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The Eufy Video Doorbell Dual Doubles the Security


Home Security Starts At The Front Door

Home security used to be expensive and not something that anyone could do — especially if they weren’t handy with tools or afraid of causing damage to a wall or messing up electrical wiring and all that. But times have changed a lot and now most home security items — when they have to be installed and not just placed on a table or shelf — work off of batteries and require very little in the way of mounting. Such is the case with the Eufy Video Doorbell Dual; it’s a full featured video doorbell that can easily be installed and doesn’t require any wiring because it has a built-in battery to provide it with power. There’s more to it of course than just these two things, but let’s start by noting more details on these two before getting to the nitty gritty of the tech.


A Dual Lens Doorbell

So the first thing you’ll notice is that there’s two lenses on the front of the doorbell — yes it’s a dual lens doorbell. The reason for this is that a single lens can suffer from a blind spot as a result of where it’s being aimed. By having dual lenses, the amount of coverage is increased and gives you two images (one on top of the other) and so a fuller view obtained. Additionally a Picture in Picture view can be had as well. But the important thing is that both motion and body heat is being detected by this doorbell. So there’s that and it’s a big difference as compared to other video doorbells because it also means dual motion detection sensors, not one, for better distinguishing of both near and far moving objects (being mostly people, duh). So false alarms are far less likely to occur (a really strong wind blowing against a wind chime near the front of the porch is notorious for causing false motion activations).



So first about the battery — it’s not user replaceable but that’s fine because it’s going to last for a long time, which is to say it can accept a lot of charges over its lifetime.

Now as to the mounting and of course we’ve charged up the battery first. Installation is fairly simple, especially since battery power is being used. To state it simplistically, you remove the existing doorbell so the wall is flatter, then attach the mounting bracket over where the doorbell was and affix the doorbell onto the mount — unless you prefer a different location for the video doorbell which is completely up to you because there’s no wiring involved. Provided is a screw hole positioning card, a mounting wedge (15 degree change as to how the doorbell is “aimed), and a detaching pin to use for removing the video doorbell when it comes time to recharge it.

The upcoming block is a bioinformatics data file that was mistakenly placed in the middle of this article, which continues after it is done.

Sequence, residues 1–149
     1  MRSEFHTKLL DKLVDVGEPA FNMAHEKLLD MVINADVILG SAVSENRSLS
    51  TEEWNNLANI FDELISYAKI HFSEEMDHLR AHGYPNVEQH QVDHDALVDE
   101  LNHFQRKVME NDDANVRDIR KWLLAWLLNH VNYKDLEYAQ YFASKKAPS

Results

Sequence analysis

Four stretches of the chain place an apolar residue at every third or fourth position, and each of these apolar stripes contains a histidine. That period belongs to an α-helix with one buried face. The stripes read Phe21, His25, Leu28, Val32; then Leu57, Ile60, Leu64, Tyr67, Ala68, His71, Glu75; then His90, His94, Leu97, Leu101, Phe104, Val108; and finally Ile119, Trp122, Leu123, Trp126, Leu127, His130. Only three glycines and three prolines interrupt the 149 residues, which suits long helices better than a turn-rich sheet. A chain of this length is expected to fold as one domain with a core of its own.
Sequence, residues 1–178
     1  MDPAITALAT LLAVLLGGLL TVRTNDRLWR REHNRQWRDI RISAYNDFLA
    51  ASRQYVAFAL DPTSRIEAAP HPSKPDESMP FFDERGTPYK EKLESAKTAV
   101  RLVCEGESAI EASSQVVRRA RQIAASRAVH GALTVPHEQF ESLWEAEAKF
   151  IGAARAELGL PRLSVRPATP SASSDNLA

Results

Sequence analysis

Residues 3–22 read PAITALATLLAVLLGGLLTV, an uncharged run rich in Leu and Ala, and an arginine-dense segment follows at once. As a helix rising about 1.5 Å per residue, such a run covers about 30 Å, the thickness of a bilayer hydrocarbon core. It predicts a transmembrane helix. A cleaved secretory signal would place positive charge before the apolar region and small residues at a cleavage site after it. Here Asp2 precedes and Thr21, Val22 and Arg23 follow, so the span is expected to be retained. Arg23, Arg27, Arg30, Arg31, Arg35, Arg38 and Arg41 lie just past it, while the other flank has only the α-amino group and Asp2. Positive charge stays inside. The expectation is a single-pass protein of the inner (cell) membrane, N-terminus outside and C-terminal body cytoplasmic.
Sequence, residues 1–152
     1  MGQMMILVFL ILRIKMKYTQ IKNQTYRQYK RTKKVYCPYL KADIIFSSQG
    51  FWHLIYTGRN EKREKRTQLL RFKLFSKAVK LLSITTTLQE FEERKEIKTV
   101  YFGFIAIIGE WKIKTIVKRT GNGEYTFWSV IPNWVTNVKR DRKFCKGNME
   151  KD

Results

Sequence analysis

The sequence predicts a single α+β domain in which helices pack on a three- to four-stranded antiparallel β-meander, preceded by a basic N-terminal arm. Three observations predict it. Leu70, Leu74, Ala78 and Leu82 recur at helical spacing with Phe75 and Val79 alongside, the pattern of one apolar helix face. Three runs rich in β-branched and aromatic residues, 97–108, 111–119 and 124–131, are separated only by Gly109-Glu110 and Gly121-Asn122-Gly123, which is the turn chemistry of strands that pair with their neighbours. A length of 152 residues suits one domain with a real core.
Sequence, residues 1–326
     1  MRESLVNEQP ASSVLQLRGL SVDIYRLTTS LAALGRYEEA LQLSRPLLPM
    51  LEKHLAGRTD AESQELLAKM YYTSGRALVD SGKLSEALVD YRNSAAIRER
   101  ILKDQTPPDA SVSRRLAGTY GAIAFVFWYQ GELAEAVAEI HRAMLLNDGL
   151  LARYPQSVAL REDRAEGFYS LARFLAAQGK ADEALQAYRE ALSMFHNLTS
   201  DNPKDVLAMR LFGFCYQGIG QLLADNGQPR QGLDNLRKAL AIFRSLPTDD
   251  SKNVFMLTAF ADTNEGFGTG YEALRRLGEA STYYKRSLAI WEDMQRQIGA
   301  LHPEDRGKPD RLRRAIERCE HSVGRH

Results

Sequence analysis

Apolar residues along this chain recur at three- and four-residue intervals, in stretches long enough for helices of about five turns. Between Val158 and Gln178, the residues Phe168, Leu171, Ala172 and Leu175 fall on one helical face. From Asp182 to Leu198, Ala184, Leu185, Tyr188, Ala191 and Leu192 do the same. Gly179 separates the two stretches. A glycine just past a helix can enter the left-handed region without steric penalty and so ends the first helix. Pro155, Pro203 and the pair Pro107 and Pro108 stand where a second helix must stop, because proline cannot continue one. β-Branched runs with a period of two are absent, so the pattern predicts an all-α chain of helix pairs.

Plus it’s possible to connect the doorbell to the existing wiring of the old doorbell so that power continues to flow to the battery. But considering the electrical work involved, avoiding doing this is suggested other than for those with experience handling such things — especially since it’s easy enough to remove the doorbell using the provided tool for charging it up. Also while the battery is rated as working for up to 6 months (actual time being altered by real world situations), a fast recharging every 4 months or so takes care of what’s needed

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The Dual Camera Lenses

Of course all of this is useless if you can’t see what those lenses are picking up. In this case, a Full HD 2K resolution is being used — combined with high dynamic range (HDR) which brings out better contrast and stronger detail (think similar to HDR being used in smart TVs). HDR helps when the sun is causing a person’s face to be in shadow and the difference in the view is immediately apparent.

Another difference is that, unlike many video doorbells, this doorbell doesn’t connect directly to the home Wi-Fi network but instead to a module called the HomeBase 2, which itself connects to the network router directly via Ethernet. This is done because there’s no connecting to the cloud since all content/data transmitted is stored locally on the HomeBase. So there are no online servers to worry about going down, getting hacked, etc. (but obviously since the HomeBase is powered by electricity, no power outages please).

Another thing is that the Video Doorbell Dual works with the existing chime as long as it’s analog and not digital; a nice extra is that the Echo/Google Home Mini can be used as the chime for this doorbell with details provided by Eufy (the HomeBase also can chime out if desired). However the Google Home Mini is unfortunately not supported.


The App Does A Lot

The free iOS/Android app provides functionally as to the doorbell — although it does operative autonomously as to “seeing” what is approaching it. You get notifications, can view live video, share usage with other family members and work though Alexa and Google Assistant (no Apple HomeKit though). Keep in mind the reason there’s no monthly subscription charges is because storage is being done locally — the built in 16GB storage can handle up to 30 video clips (20 seconds) a day. A lot of control can be had through the app, including canned responses using the two-way audio, activating the “Delivery Guard” which watches over packages being put down (and through the app you can send a message to a friend/neighbor to go get the package if desired). Facial recognition of multiple people can be enabled as well, along with “stranger alerts” being had. There’s sensitivity control and more.


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